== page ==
In late 2019, the City intends to initiate a review of the City’s small cell regulations with the intent of adopting permanent regulations. The timing of this review is intended to allow the City Council to take action after the anticipated resolution of the appeals of the FCC’s new rules, and allows the City to engage with the community prior to adoption of permanent regulations.


    Federal Communications Commission (FCC) rules changing

    In 2016, when the applications for T-Mobile were received, the City had limited authority to review small cell antennas. The City was authorized to review the design and location of the small cell antennas – provided the City did not prevent the closure of a “significant gap” in wireless coverage. The City did not have regulations adopted in 2016 that would allow small cell antennas – which was a violation of the FCC rules. Consequently, to facilitate the review of small cell antennas, the City Council established a franchise agreement with Crown Castle in late 2016, which provided both criteria for the design and location of small cell antennas. The franchise agreement was modified in 2017 to clarify the design requirements.

    The City’s ability to regulate small cell antennas was further limited by recent “new rules” adopted by the Federal Communications Commission (FCC), which took effect in January of 2019. The FCC’s new rules prevent the City from materially inhibiting the installation of small cell antennas. In practical terms the City no longer may regulate the location of small cell antennas and may only regulate the design of small cell antennas. The FCC’s new rules also required that the City Council adopt the regulations in advance of any application of for a small cell antenna. Consequently, the City Council adopted emergency, interim small cell regulations in January of 2019. Permanent regulations will be developed in late 2019 / early 2020; the City will engage the public as part of the development of permanent regulations.

    For more information on the new FCC rules, please read the FCC's Declaratory Ruling on 5G Small Cells (external link) and FCC Fact Sheet (external link).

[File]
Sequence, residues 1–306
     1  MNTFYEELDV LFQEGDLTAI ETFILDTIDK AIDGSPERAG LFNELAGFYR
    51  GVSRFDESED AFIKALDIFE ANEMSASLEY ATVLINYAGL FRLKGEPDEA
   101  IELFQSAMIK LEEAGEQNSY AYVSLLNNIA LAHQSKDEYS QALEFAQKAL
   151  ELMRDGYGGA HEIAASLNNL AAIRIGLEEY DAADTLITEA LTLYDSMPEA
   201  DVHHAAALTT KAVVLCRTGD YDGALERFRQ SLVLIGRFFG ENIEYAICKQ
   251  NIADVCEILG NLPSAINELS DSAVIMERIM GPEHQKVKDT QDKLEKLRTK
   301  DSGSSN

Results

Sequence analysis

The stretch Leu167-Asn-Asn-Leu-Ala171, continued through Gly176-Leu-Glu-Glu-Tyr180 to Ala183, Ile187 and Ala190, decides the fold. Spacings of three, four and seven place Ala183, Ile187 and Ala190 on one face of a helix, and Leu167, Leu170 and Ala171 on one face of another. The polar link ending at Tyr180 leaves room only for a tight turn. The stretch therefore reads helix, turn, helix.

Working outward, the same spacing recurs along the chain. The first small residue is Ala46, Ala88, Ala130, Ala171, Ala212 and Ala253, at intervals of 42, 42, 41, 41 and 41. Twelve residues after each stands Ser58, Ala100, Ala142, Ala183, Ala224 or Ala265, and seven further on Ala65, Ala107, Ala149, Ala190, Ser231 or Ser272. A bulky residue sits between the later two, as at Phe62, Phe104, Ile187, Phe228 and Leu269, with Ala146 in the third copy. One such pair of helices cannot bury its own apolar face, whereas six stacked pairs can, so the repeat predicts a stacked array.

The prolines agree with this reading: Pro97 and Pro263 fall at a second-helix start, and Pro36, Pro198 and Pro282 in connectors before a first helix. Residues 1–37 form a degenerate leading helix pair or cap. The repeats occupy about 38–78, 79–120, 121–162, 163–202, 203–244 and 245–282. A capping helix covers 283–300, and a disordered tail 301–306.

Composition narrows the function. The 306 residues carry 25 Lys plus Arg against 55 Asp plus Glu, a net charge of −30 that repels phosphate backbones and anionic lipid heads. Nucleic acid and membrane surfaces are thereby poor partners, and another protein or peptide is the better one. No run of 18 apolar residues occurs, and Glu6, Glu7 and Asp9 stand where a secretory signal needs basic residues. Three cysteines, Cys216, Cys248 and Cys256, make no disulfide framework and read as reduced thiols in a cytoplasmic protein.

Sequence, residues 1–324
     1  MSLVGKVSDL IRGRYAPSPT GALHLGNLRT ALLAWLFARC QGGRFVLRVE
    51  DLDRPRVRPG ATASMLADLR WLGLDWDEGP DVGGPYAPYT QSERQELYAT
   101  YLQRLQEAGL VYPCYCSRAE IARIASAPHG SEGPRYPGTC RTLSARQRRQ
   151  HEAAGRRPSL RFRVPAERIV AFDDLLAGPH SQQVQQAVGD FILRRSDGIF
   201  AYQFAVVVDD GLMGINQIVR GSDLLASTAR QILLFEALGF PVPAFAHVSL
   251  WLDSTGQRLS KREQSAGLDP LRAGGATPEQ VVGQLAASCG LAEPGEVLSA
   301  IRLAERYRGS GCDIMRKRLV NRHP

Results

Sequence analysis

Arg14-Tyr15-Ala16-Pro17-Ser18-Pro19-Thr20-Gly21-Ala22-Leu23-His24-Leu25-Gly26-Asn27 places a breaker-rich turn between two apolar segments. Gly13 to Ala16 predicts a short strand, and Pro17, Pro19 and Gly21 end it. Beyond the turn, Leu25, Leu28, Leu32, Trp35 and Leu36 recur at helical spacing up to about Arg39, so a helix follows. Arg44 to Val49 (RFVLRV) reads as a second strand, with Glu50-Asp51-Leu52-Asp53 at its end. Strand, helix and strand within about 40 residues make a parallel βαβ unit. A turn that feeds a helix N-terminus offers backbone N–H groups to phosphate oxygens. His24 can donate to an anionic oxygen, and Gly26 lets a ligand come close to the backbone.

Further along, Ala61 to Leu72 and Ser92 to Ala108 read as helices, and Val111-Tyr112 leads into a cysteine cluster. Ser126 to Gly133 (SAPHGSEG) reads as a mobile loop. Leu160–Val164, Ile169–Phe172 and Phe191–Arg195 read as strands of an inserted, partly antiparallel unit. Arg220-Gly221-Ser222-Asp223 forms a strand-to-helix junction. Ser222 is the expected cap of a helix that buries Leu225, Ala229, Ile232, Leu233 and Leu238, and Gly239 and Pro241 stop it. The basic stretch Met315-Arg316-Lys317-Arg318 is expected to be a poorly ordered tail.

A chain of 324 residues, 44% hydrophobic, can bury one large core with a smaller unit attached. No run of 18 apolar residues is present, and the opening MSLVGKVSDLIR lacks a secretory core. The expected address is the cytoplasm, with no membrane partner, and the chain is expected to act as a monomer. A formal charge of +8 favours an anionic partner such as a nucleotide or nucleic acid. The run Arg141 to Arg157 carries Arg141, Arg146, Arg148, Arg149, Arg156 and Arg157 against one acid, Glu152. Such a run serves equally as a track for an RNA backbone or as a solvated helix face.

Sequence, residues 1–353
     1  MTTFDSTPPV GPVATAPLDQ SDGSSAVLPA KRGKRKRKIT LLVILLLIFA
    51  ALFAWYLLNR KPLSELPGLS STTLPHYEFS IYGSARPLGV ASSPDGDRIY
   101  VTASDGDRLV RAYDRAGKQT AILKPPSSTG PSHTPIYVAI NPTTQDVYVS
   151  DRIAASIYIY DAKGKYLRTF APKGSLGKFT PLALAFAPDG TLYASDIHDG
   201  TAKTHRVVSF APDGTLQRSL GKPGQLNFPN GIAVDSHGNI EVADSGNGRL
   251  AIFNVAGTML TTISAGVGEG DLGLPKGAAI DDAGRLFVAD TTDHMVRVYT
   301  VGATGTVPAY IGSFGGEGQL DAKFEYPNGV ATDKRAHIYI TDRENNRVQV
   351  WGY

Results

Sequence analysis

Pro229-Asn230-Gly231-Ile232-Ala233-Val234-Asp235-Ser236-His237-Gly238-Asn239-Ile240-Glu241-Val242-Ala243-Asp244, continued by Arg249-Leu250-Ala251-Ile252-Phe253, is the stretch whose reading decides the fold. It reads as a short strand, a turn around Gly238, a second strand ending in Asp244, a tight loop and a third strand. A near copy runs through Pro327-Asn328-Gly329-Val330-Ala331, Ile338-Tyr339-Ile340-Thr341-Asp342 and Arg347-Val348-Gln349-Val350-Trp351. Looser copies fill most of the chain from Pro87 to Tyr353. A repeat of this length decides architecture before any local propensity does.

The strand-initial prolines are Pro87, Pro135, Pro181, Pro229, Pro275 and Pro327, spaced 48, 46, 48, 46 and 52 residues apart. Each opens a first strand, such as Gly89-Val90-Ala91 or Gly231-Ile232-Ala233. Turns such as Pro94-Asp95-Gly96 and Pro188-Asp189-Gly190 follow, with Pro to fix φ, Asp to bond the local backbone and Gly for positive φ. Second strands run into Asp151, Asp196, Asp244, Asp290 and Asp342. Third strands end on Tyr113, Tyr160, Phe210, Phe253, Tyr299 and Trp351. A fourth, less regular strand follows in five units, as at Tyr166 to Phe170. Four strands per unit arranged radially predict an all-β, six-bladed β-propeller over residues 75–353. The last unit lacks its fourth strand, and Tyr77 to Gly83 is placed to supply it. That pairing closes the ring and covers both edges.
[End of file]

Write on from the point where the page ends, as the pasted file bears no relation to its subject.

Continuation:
Public Notice

    In 2016, when the City received the applications for the T-Mobile small cells received, the City provided mailed notice to neighbors within 150 feet of the small cell antenna, published notice in the weekly bulletin, and solicited public comment. The public comment received in response to the public comment period opposed the installation of the small cell antennas. Unfortunately, the City was unable to meaningfully respond to these public comments – because the FCC prevented the City from regulating the closure of a “significant gap” in wireless coverage. This led to significant frustration on the part of the community and City staff because the City could not respond to public comment as normally would be expected (e.g. by correcting the design / location of a small cell antenna).

    In 2019, following the adoption of the FCC’s new rules, the City Council discussed the desired public notice for small cell facilities, given the further limitations on the City’s authority to regulate small cell antennas. The City Council indicated that the City should provide public notice of the small cell antennas to further transparency; public notice is required by the City’s regulations through the weekly bulletin and is supplemented by other social media and website information. Mailed notice was not provided because of the concern around creating a community expectation that could not be addressed – namely the expectation that the City would be able to meaningfully respond to public comments.


    Interim Ordinance, FCC Appeals, Looking Forward

    The City adopted emergency interim small cell regulations in January of 2019 to ensure that the City could regulate the design of small cell facilities – following the adoption, the City issued a news release. The “interim” nature of the small cell regulations requires the City Council to re-adopt the small cell regulations every 6 months, before the expiration of the current interim ordinance. The City Council is scheduled to hold a public hearing on June 18 and re-adopt the small cell regulations for 6 months.

    Following the adoption of the FCC’s new rules, several cities appealed, including the Cities of Bellevue, Portland, Los Angeles, and Seattle. Although appeals were filed, the US Court of Appeals denied the Cities’ request to stay the FCC’s new rules.

    In late 2019, the City intends to initiate a review of the City’s small cell regulations with the intent of adopting permanent regulations. The timing of this review is intended to allow the City Council to take action after the anticipated resolution of the appeals of the FCC’s new rules, and allows the City to engage with the community prior to adoption of permanent regulations.